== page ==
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US Dollar Rises to Near Two Decade High as Fed Tightens Monetary Policy ahead of ECB and BOJ

The US dollar has posted its strongest performance in nearly two decades, as the currencies of other advanced economies including the EU and Japan continue to languish on the back of comparatively loose monetary policy.   

The dollar index rose 0.8% on Thursday to hit 103.83, for its highest reading since December 2002. 

The greenback’s strong performance arrived amidst more vigorous efforts to contain inflation by US Fed, as compared to the European Central Bank (ECB) and the Bank of Japan (BOJ).  

The Fed has recently signalled its strong determination to contain breakneck inflation by raising the cost of borrowing via interest rate hikes.  

The Fed is highly concerned about raging inflation, with the US Consumer Price Index surging 8.5% in March compared to the same period last year.  

That same month the Fed lifted its target interest rate by 25 basis points, while subsequent remarks by Fed chair Jerome Powell and other central bank officials have led many to anticipate two further hikes of 50 basis points in May and June.  

These interest rate hikes mean that dollar assets will produce higher yields than euro or yen-denominated assets, leading to greater demand for greenbacks and an appreciation of their value.  

Inflation is also rife in the Eurozone, accelerating to 7.5% in March from 5.9% in February. Both these figures are streets ahead of the 2% threshold for inflation set by the ECB. 

The ECB has far less latitude to tighten up monetary policy in response however, due to the ongoing war in Ukraine which threatens to undermine Europe’s economic performance.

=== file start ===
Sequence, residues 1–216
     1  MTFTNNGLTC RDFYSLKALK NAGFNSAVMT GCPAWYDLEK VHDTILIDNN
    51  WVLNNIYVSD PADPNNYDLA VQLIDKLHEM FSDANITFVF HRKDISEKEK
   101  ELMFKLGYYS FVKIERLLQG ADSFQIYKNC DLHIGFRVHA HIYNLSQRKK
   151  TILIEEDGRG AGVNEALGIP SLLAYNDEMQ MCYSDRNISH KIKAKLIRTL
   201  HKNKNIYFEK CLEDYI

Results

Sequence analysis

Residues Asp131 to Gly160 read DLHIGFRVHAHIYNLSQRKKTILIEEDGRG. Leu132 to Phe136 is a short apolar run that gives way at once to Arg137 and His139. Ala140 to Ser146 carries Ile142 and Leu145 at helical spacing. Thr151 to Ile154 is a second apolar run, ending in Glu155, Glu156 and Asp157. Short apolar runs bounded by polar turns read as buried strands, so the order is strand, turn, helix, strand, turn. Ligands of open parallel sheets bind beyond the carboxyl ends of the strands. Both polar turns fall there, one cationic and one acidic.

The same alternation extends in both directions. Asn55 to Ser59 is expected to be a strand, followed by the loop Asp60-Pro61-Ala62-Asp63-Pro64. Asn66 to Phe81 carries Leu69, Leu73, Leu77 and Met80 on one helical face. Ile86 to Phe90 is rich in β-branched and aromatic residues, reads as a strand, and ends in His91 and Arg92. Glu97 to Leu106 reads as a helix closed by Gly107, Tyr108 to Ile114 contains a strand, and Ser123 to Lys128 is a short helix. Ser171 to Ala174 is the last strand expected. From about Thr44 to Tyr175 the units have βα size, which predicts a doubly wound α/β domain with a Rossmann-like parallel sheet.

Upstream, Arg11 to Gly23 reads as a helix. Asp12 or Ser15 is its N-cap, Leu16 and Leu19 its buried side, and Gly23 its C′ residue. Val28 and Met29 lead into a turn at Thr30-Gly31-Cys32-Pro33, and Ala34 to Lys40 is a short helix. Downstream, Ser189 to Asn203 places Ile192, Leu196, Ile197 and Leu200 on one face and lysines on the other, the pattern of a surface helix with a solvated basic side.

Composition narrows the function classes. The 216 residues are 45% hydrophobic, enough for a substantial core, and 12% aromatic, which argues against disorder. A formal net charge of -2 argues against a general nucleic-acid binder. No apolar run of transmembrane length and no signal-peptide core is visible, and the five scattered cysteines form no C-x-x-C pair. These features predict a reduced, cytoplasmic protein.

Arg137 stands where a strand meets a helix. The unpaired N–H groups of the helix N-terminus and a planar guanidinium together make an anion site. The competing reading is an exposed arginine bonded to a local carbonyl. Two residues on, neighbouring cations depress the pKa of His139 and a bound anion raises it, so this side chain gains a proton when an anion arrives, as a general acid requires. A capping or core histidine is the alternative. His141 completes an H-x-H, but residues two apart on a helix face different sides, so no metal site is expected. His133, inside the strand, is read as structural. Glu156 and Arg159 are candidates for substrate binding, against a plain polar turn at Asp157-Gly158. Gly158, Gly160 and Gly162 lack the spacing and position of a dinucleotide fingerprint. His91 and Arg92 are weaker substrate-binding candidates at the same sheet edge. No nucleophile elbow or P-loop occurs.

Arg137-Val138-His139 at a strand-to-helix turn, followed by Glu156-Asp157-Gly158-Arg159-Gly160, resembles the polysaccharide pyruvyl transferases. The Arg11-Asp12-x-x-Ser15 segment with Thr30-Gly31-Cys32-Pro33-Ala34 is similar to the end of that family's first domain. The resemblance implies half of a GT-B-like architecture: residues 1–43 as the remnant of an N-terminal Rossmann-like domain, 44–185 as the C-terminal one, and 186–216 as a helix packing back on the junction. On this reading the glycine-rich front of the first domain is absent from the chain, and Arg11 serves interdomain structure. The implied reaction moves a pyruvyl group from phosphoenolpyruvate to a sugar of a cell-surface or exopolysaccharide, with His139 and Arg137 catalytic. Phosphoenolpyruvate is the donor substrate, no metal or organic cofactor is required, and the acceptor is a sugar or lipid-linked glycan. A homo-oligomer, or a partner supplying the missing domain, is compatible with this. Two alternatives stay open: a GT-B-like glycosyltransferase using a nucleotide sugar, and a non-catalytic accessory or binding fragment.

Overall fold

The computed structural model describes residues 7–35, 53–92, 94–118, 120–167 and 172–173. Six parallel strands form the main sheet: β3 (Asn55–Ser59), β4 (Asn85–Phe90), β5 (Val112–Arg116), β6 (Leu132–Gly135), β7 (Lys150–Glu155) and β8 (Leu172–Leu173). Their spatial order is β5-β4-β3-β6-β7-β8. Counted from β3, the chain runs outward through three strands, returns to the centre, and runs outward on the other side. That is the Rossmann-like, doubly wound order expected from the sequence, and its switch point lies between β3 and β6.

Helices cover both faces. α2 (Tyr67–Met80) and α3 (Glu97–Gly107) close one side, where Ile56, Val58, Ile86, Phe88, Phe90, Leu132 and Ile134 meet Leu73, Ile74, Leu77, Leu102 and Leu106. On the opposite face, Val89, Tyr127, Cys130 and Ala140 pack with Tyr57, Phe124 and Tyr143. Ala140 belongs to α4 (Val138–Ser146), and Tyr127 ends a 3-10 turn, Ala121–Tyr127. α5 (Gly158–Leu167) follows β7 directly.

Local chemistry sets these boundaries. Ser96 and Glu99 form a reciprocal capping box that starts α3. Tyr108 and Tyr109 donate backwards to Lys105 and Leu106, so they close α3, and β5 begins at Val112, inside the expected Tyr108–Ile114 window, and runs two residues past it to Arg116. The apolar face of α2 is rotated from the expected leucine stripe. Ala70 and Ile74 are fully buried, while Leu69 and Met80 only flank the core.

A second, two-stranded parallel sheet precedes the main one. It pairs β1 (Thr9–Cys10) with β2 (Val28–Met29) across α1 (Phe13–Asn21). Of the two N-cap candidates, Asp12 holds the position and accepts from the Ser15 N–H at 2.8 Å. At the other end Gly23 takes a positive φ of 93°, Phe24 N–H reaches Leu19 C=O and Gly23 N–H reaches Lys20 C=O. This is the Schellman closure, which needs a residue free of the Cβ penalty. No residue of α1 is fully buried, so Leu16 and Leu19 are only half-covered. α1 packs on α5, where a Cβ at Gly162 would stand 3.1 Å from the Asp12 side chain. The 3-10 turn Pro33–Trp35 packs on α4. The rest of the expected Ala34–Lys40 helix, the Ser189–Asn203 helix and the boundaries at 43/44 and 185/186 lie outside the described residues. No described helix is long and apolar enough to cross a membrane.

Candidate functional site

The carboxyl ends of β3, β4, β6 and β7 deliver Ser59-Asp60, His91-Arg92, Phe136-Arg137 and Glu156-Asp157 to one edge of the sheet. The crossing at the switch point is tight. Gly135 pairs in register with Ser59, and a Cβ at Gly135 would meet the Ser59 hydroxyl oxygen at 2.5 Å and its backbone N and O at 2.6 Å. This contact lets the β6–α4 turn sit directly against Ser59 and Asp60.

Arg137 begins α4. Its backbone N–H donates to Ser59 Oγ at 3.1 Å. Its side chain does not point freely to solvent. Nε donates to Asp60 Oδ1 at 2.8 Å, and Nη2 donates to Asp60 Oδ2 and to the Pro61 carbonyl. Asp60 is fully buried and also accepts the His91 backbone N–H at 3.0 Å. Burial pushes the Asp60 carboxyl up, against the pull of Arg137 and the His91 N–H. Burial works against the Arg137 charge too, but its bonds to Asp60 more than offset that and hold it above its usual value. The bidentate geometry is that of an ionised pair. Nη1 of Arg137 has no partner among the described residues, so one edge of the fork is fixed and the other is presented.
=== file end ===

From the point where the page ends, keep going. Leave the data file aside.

Europe remains highly dependent upon energy imports from Russia, leaving it in a precarious position amidst the strong push from Western political leaders to impose sanctions against Moscow.  

The US, EU and UK have jointly sanctioned over 1,000 Russian individuals and businesses in the wake of the Ukrainian conflict. In response Russia suspended its supply of gas to Bulgaria and Poland earlier this week, throwing into relief its ability to apply similar actions against Germany.  

ECB President Christine Lagarde said earlier in April that the economy of the Euro area is likely to suffer most as a result of the military conflict in Ukraine, while the International Monetary Fund (IMF) marked down its 2022 GDP growth projection for the region by no less than 1 percentage point compared to the January forecast.  

As a consequence, the ECB has indicated that it will delay any tightening of monetary policy, which would have the effect of putting the brakes on economic activity already undermined by the Ukraine war.  

On the other end of the Eurasian continent, the Bank of Japan (BOJ) has also indicated that it will refrain from following the lead of the US Fed in tightening up monetary policy, albeit due to a different set of circumstances.  

Japan has yet to suffer from the raging inflation blighting the advanced economies of the West. Its inflation index was up just 1.2% in March – a small change compared to the 7.5% figure for the Eurozone and 8.5% in the US. This means it is under far less pressure to raise interest rates.  

On Thursday BOJ reiterated its commitment to low-interest rates, stating that it would purchase 10-year Japanese government bonds at a yield of 0.25% in order to prevent yields from rising.  

The announcement drove the yen to over 130 to the dollar, for its lowest level since April 2002.  

Given the differing stances of the Fed versus the ECB and BOJ, the US dollar can be expected to hold strong for as long as these contrasting monetary policy settings remain in place.